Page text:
PARKING LOT ACTIVITIES The project would result in new below-grade and podium parking beneath the lodging and resort-residential buildings (similar to the existing Intrawest Village), continued use of portions of existing surface parking lots, new parking structures on the existing surface lots as demand increases in the future, a new parking structure on the East Parcel (primarily for employee parking), and additional use of areas for overflow surface parking on an as-needed basis during peak activity days. Noise levels from parking lots can vary depending on the number of vehicles at any given time in the parking lot, the speed at which vehicles are traveling, and the types of vehicles present. Typical noise sources include car engines running/idling, doors slamming, car alarms going off, cars honking, and people talking. Reference noise levels for parking lot noise were obtained during the noise measurements conducted for this project. Measurements that represent typical parking lot noises are shown in Table 11-3, measurement locations 7 and 8. Measured values at these two locations differ based on the distance to the noise source and the particular activities occurring during the measurement time. Therefore, for a more conservative analysis, the higher of the two is assumed for this analysis. Based on measurements conducted, typical noise levels from parking lot activities could reach 59.8 Leq and 78.1 Lmax at 15 feet from the noise source (i.e., car slamming door). This reference noise level would be applicable to the proposed parking lots because it represents similar parking lot type, activities, and vehicle types that would result from construction of the project. Placer County Village at Squaw Valley Specific Plan EIR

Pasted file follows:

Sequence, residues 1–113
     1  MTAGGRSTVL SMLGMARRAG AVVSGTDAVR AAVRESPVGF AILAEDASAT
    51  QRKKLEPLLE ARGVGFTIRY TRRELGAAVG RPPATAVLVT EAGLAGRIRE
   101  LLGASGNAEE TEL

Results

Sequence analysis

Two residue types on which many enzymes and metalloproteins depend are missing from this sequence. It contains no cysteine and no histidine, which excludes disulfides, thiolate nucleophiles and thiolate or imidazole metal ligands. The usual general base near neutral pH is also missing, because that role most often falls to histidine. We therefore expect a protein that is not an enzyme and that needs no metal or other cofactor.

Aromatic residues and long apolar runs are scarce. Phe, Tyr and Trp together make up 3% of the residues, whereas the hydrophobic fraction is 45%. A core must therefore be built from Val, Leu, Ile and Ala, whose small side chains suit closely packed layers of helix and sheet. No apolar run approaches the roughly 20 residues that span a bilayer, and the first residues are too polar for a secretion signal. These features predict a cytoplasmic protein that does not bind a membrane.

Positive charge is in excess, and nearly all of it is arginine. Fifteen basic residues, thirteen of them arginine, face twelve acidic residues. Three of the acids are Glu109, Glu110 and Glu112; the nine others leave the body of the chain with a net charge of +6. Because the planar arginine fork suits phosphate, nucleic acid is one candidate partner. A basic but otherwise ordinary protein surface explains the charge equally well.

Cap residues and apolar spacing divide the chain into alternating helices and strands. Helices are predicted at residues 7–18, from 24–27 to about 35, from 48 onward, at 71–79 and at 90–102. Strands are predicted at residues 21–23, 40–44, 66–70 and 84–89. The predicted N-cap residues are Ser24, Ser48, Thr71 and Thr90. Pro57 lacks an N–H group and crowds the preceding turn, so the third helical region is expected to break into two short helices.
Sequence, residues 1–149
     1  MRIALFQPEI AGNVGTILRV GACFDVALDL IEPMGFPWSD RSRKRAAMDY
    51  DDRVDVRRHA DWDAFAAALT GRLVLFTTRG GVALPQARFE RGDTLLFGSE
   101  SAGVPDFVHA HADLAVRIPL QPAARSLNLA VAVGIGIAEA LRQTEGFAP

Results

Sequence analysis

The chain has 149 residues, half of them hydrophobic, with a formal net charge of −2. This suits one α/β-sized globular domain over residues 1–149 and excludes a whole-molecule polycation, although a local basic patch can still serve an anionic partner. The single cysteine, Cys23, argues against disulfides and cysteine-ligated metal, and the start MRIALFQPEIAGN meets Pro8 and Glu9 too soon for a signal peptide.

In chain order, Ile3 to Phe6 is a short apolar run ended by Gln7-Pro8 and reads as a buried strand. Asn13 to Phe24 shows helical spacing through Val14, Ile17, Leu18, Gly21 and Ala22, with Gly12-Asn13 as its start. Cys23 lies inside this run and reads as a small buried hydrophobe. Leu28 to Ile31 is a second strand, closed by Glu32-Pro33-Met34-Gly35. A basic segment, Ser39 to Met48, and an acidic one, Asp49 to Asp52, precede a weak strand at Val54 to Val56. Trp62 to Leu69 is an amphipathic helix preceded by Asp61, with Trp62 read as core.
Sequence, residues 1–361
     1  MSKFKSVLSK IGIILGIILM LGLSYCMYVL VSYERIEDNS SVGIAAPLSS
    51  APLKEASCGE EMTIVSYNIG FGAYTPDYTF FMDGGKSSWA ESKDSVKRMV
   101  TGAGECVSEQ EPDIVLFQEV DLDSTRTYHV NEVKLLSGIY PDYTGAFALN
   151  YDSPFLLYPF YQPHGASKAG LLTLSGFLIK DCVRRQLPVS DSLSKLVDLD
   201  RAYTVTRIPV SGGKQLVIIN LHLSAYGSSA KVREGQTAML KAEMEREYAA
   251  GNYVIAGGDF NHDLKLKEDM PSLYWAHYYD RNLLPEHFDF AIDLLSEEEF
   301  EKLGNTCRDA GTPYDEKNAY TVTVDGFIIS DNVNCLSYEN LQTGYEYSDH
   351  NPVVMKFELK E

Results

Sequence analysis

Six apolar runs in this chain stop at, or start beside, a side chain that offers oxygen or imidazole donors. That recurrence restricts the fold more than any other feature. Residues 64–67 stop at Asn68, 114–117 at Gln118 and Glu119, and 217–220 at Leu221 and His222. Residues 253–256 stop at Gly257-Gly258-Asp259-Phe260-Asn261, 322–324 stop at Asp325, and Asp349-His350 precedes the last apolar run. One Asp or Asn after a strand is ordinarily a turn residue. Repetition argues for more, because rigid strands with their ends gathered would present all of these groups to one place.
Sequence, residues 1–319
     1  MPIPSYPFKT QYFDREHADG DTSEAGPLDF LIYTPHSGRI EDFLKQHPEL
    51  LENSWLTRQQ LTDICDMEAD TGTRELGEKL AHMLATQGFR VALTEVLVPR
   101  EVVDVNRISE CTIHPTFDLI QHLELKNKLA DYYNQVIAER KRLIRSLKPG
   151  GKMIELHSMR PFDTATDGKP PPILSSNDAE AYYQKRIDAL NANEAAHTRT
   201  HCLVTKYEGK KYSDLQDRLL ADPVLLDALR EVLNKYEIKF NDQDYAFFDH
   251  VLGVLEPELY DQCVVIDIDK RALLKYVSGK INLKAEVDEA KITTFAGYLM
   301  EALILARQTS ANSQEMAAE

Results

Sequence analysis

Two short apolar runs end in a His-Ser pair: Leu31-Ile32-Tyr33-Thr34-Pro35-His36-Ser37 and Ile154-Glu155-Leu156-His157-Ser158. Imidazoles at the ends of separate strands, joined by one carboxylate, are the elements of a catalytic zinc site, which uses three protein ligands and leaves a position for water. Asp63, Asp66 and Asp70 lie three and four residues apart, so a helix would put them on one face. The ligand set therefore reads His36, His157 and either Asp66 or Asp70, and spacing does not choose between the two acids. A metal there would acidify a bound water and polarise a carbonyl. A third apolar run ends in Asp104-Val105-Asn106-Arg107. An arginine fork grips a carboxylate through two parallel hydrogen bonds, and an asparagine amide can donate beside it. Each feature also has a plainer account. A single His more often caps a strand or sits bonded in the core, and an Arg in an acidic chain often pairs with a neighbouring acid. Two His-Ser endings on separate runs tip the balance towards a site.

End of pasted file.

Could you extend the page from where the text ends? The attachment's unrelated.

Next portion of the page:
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With regards to the proposed beneath-grade and podium parking, noise exposure to off-site sensitive receptors would be essentially nonexistent as these parking facilities would be located entirely underground or enclosed as part of a building podium. This topic is not addressed further in this analysis, which focusses on new surface lots and parking structures. The various parking facilities included with the proposed project are identified above. Some of these parking facilities would be located in areas currently used for parking, such as the Lot 11 and 12 parking structures that would be built on land currently used for surface parking. However, converting existing surface lots to parking structures would concentrate more vehicle activity into a smaller area. In addition, the upper deck of the parking structure would place parking noise generation at a higher vantage point, which could reduce noise attenuation relative to ground level noise as the noise travels from the generation point. In addition, the East Parcel parking structure would be built in an area that is now only occasionally used for overflow parking, but is not used for parking on a regular basis. Therefore, based on this information and the reference noise level for a parking lot at the existing Village, noise from parking facilities could exceed the Placer County daytime noise standard within 30 feet of proposed parking lots/structures and the nighttime noise standards within 45 feet of proposed parking lots/structures. Exact locations, orientation, and capacities of proposed parking lots have not been finalized at this time and therefore distances to existing off-site sensitive receptors from future parking lots are unknown. Thus, it is possible that new parking lots/structures could be located within 45 feet of off-site sensitive receptors, and expose off-site sensitive receptors to excessive noise levels.